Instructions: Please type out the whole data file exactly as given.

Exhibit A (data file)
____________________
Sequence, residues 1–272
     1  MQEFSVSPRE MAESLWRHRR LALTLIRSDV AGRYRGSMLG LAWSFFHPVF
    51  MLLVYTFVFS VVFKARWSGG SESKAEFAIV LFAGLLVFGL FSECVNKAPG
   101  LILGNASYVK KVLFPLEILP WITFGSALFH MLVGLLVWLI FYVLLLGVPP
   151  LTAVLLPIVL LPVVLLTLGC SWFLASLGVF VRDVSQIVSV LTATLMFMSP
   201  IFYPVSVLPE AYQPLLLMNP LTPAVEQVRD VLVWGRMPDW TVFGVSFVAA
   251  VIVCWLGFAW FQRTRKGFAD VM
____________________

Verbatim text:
Sequence, residues 1–272
     1  MQEFSVSPRE MAESLWRHRR LALTLIRSDV AGRYRGSMLG LAWSFFHPVF
    51  MLLVYTFVFS VVFKARWSGG SESKAEFAIV LFAGLLVFGL FSECVNKAPG
   101  LILGNASYVK KVLFPLEILP WITFGSALFH MLVGLLVWLI FYVLLLGVPP
   151  LTAVLLPIVL LPVVLLTLGC SWFLASLGVF VRDVSQIVSV LTATLMFMSP
   201  IFYPVSVLPE AYQPLLLMNP LTPAVEQVRD VLVWGRMPDW TVFGVSFVAA
   251  VIVCWLGFAW FQRTRKGFAD VM